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    David D
    Thank you for this info. I will look through my records again and find out who passed the story onto my father.
    I had understood the NZ student pilot was John 'Wendy' Wendelken but his sons say there is no record of the incident in his Log Book.
    Maybe a case of keeping it quiet!
    Cheers Motherbird

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    'Wendy' was NZ417134 William John Wendelken (the only Wendelken in the WWII RNZAF). He enlisted at Levin as an AP u/t on 21 Dec 41. Upon completion of his EFTS training on 11 Apr 42 he embarked on the 'West Point' for SFTS training in Canada.

    Errol

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    Default Tiger Moths

    Quote Originally Posted by David Duxbury View Post
    Motherbird,
    "pupil in a Tiger normally sat in rear cockpit".
    David D
    A question (small correction?) from David's post?
    I thought the instructor on Tiger Moths sat in the rear?

    Ian

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    Hello All,

    It's not just one-way. Some years ago a TQF Andover (no Royals on board!) was bumbling its way over the Ethiopian Highlands (they go up to 14k feet!) on the way home when one of the local eagles decided that it was not going to have this piddling a/c intruding into its airspace. I think the Co was i/c. The report I heard was that the Co shouted "Birdstrike" as this damn great beast was observed - talons out and foremost - attacking the poor Andover. I don't know if it actually came through the windscreen - I think it did!!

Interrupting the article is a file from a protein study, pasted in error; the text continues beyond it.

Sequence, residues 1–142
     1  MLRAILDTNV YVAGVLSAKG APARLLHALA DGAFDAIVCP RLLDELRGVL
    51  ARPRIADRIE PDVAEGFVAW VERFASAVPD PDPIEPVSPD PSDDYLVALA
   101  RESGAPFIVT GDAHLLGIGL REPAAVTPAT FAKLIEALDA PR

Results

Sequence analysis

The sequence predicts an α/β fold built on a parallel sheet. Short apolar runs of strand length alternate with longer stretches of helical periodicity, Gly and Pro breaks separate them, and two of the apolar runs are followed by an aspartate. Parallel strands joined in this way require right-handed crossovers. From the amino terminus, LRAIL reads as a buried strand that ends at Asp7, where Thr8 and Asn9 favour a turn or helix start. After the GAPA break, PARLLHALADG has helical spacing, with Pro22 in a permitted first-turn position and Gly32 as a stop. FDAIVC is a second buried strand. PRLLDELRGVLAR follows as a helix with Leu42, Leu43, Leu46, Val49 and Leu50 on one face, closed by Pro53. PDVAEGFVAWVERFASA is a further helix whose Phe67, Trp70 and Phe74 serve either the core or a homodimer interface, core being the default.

HTH
    Peter Davies
    Meteorology is a science; good meteorology is an art!
    We might not know - but we might know who does!

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    Ian,
    I will have to throw this question open to other Board members for the ultimate answer, but my understanding is that, as the front seat occupant in a Tiger sat on the centre of gravity (more or less), it did not matter whether this seat was occupied or not, so this aircraft type is traditionally flown from the rear seat, and thus passengers are carried in the front seat (certainly in the flight I made). For this reason, the fullest set of controls is in the rear seat position. When the instructor decides that his latest pupil pilot was ready to go solo (after another instructional flight to cover all exercises necessary for a solo circuit), he would first remove his 'joy stick' - an old custom with some sound reasoning behind it - and then get out of the front cockpit, spring to the ground, then lean into the rear cockpit to advise the pupil that he should now take off alone, fly a nice, neat circuit, and land, just as he he been taught over the previous 2 or 3 weeks. Then the instructor would step back, joystick in hand, and nervously watch his pupil depart, the latter about to make his greatest flight to date. Because the centre of gravity effectively remained the same, there was no need to adjust anything else. Compare this with many other tandem seated training aircraft (such as the Harvard) where "solo ballast weights" had to be fitted for solo exercises, as these aircraft were normally flown from the front seat.
    David D